10 ways to increase your creativity by restricting yourself

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(Image: © Pekic)

In the past, producers were restricted by the more primitive music-making technology of the day, but in our new world of unbridled possibilities, those limits have disappeared.

If you want to be more productive, sometimes you have to create the barriers yourself. Here are ten ways to bring back those inspiring restrictions and craft something unique today.

Get more creativity-boosting advice in the June 2018 edition of Computer Music.

1. Use one synth for all your sounds

The same paltry selection of waveforms was once the starting point for almost every type of sound, from bass to leads to drums and more. What with all the types of synth around these days, we can sometimes forget that they all do (pretty much) the same thing - so get back to basics and choose a single synth to make every single part in a track!

Whip up basses, leads and pads in the usual way, program drums using noise sources and quick envelope modulation, and create FX sounds like risers and drops, all using the same virtual instrument. This’ll force you to push the boundaries of what your synth can do, testing your production and sound design chops in the process, and get you to focus deeper in on the instrument, learning its intricacies inside and out.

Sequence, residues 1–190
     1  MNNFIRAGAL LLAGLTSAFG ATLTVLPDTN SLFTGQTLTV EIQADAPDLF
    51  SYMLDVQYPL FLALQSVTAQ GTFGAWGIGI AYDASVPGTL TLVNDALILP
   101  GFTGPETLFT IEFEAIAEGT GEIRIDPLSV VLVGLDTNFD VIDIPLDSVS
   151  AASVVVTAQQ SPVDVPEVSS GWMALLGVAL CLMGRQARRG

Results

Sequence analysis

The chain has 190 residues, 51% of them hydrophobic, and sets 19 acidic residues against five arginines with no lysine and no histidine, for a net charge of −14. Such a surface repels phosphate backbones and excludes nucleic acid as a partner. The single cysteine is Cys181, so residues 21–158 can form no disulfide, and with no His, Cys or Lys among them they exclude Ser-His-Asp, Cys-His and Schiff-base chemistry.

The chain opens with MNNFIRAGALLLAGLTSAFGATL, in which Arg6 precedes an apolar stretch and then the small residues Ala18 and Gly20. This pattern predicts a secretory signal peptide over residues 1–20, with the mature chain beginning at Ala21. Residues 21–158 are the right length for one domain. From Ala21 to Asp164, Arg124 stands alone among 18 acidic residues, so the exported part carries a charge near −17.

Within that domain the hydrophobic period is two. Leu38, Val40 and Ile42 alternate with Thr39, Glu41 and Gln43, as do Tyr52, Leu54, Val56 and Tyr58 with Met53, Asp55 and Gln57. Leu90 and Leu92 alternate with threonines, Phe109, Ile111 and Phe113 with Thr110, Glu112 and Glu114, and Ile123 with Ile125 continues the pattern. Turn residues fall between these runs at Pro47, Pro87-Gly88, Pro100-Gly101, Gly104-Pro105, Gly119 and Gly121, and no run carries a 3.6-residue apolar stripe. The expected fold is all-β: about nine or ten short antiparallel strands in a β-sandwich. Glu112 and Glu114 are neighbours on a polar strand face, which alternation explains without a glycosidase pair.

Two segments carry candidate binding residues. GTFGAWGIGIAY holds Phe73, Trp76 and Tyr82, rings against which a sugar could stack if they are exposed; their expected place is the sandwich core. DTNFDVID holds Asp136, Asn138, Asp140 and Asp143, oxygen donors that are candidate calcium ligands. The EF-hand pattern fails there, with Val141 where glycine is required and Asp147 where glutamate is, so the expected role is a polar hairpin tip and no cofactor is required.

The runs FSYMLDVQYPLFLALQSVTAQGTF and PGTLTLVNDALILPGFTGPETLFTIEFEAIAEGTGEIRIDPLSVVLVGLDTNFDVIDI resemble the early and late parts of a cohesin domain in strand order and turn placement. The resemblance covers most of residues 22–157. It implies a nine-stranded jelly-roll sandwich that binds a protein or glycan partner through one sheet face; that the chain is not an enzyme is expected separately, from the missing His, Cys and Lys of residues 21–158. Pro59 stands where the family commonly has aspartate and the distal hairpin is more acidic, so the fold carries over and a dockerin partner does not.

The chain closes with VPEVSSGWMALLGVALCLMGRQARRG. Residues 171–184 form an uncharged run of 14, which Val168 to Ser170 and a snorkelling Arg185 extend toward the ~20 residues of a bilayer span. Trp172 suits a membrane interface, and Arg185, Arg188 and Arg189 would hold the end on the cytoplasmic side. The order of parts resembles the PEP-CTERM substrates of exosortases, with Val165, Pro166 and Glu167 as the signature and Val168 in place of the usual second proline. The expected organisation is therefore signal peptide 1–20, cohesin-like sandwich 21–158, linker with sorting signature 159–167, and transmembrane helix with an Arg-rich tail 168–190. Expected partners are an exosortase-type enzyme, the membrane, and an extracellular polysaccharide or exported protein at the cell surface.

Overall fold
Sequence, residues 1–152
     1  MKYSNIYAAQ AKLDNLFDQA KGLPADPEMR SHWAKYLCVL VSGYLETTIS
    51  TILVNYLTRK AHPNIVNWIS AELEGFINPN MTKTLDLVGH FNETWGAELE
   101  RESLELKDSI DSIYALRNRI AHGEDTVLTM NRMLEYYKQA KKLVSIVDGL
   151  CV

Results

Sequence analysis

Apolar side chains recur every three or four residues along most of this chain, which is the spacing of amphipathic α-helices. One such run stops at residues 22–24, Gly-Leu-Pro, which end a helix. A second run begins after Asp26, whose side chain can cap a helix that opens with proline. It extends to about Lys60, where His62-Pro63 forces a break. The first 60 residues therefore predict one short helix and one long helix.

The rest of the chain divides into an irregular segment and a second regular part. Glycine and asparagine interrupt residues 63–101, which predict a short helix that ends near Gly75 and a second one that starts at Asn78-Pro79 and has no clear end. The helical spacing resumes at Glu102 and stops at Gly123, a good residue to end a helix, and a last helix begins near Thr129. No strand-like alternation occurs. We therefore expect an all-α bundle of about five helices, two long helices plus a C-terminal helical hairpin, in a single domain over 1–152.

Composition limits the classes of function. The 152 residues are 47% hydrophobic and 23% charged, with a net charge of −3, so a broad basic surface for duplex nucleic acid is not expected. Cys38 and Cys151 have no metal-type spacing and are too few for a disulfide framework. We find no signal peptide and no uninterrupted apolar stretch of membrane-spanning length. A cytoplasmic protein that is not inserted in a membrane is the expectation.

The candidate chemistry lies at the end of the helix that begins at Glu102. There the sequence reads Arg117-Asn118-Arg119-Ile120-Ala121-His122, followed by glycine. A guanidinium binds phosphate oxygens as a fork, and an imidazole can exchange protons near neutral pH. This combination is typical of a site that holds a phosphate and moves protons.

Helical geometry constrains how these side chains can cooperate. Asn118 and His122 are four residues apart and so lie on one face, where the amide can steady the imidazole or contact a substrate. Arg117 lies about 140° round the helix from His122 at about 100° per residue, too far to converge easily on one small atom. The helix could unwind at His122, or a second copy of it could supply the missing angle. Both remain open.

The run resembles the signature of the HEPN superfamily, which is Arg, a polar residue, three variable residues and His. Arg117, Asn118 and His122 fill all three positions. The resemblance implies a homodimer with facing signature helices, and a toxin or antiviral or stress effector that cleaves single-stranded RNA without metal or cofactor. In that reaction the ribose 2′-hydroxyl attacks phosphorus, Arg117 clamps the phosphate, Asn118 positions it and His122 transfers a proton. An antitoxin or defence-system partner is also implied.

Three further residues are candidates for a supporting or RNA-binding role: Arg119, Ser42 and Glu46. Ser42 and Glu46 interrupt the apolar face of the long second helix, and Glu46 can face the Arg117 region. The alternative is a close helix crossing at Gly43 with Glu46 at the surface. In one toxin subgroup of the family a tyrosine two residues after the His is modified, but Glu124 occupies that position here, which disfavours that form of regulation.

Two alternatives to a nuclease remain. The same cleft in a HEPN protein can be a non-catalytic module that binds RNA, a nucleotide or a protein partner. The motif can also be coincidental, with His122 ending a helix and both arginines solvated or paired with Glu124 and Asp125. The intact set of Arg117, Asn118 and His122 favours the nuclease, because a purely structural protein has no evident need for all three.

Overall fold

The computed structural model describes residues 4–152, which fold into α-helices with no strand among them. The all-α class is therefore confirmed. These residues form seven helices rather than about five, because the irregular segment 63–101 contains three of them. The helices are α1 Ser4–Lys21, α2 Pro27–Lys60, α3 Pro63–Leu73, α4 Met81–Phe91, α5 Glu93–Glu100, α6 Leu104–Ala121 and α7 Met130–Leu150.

2. Input wars

Choose an unfamiliar method of programming notes and chords, and stick to it for a few weeks. Back in the day, you were limited to whichever method of inputting notes the manufacturer of your hardware had chosen. Standard piano keys are the norm, but that doesn’t mean they’re the most creative. MPC-style pads make you work in a way that we associate with 90s sampled music; playing notes into those unfamiliar rows of triggers may spark off a new idea as a new way of working. There are also step sequencers, of course, which offer yet another take on getting notes down.

3. Four-track mind

Anyone who was using DAWs in the early noughties will remember that high track counts weren’t really possible with the technology available back then, so rendering and bouncing were common practices. So set yourself an artificial limit of four or eight tracks in your next project. As well as forcing you to commit to certain parts as they are, this restriction also makes you think a bit harder about whether you really need every part you’d usually call for. Keep it simple and make better music!